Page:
There are studies that study corruption in auctions, Yenikolopov added. “Corruption in public procurement is present in all countries of the world to one degree or another, and everyone is trying to fight it,” he said. Bidders should consider corruption risks when designing auctions. “For example, if you understand that you have a risk of collusion between the participants, you will choose a different auction format that reduces the risk of corruption. You will most likely receive less money from the auction, but the likelihood of a corruption scheme will be lower, ”said the economist.
Milgrom invented several types of auction mechanisms, which were used by the US Federal Communications Commission to sell the radio frequency spectrum, the Bank of England to buy bonds on the secondary market, etc. He is one of the founders of Auctionomics, an auction consulting business. Milgrom's clients include Google and Yahoo, and in 2006, thanks to Milgrom's strategy at an RF auction, Comcast saved $ 1.2 billion.
In Russia, auctions are used for the sale of state property, licenses for subsoil use, frequencies for mobile networks, etc. The Ministry of Finance sells federal loan bonds at auctions, and the Central Bank regularly holds auctions to provide and withdraw liquidity.
Economic theory is actively developing, especially in the field of combinatorial and repeated auctions, Andreyanov notes: "Any breakthrough in, say, advertising auctions will be in great demand." But economics is not limited to theories. Where theoretical models fail, applied economists take over, learning to evaluate econometric models and make predictions based on them. “In the age of computers, it will become easier and easier to do this, and the demand for theoretical results will naturally decrease,” Andreyanov said.
About the Nobel Prize in Economics
The award, which is usually called the Nobel Prize in Economics, in fact has no direct relation to Alfred Nobel. Unlike all other nominations, it was not created by the bequest of a Swedish philanthropist, but was established by the Swedish State Bank in honor of its three hundredth anniversary and officially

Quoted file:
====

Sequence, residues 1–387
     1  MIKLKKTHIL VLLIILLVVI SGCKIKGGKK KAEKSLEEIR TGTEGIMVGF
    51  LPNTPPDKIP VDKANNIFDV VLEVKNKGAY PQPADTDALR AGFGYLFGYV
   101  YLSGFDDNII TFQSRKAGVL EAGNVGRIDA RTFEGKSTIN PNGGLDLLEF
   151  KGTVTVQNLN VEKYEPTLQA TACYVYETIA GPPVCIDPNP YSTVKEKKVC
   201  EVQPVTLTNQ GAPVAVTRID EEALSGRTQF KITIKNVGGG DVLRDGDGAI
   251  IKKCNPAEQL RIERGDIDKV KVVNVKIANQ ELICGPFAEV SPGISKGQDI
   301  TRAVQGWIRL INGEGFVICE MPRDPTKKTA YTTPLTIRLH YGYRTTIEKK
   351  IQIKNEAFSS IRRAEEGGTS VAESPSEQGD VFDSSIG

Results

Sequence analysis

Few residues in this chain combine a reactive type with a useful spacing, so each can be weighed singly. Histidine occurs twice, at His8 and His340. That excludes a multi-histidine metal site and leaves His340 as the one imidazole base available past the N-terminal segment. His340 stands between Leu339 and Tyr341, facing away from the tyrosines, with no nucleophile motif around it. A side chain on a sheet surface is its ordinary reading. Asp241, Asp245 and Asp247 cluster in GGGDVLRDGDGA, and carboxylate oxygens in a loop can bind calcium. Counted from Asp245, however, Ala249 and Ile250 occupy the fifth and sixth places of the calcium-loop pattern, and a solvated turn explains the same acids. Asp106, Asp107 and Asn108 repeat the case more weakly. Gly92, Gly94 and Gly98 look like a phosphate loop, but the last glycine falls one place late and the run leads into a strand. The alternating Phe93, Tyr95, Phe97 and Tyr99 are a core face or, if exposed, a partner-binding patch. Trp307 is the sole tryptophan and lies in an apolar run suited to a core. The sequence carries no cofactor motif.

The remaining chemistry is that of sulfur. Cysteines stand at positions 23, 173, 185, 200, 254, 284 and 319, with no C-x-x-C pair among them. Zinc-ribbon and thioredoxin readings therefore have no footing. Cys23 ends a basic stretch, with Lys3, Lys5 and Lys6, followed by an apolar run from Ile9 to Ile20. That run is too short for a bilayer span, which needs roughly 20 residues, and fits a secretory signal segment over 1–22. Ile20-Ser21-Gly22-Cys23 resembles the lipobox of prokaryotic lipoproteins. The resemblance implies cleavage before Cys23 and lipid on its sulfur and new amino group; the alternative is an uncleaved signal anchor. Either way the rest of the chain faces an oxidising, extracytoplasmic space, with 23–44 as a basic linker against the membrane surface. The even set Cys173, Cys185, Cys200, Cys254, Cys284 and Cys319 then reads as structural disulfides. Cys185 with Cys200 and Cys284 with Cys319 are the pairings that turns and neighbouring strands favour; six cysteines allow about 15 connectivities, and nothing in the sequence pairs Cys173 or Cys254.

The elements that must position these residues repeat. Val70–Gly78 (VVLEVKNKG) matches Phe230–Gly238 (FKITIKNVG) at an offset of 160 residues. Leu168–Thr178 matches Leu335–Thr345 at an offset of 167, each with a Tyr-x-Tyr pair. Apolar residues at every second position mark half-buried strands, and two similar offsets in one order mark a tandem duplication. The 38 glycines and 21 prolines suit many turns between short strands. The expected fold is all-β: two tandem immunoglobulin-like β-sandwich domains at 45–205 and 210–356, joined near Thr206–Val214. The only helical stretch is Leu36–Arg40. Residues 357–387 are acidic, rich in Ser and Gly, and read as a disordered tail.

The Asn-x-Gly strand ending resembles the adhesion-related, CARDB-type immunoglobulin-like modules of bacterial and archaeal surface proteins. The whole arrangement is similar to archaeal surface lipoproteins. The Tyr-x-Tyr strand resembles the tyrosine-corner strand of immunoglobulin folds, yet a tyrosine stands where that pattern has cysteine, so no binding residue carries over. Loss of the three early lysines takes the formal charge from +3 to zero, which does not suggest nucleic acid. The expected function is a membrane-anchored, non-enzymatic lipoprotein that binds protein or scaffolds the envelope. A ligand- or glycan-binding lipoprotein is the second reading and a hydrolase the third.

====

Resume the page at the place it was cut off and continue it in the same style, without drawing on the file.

named after the Swedish State Bank Prize for Economics in memory of Alfred Nobel. The prize is paid at the expense of funds transferred by the State Bank of Sweden to the Nobel Foundation, but the Royal Swedish Academy of Sciences chooses the laureates. The size of the Nobel Prize in Economics is identical to the size of the other prizes (in 2020 it is 10 million SEK), and the laureate receives the award at a ceremony in Stockholm, along with laureates in other sciences.
The Nobel Prize in Economics is the only Nobel Prize awarded annually, without a pass. In 1969–2019, the prize has already been awarded 51 times. In total, 84 people received the prize, and only 25 laureates were awarded it individually, 19 times the prize was divided between two and seven times - between three laureates.
The Nobel Prize in Economics is the oldest, the average age of its laureates is 67 years, and Esther Duflot became the youngest in 2019. The oldest recipient of the Nobel Prize in Economics (and the Nobel Prize in general) was in 2007 a native of Moscow, American economist Leonid Gurvich, who was awarded at the age of 90 "for creating the foundations of the theory of optimal mechanisms."
Among the laureates of the Nobel Prize in Economics, most of the US citizens (55) and only one representative of the USSR (Leonid Kantorovich, 1975). Last year, the Nobel Prize in Economics was awarded "for an experimental approach to the fight against global poverty" by Americans Michael Kremer and Abhijit Banerjee and Frenchwoman Esther Duflo.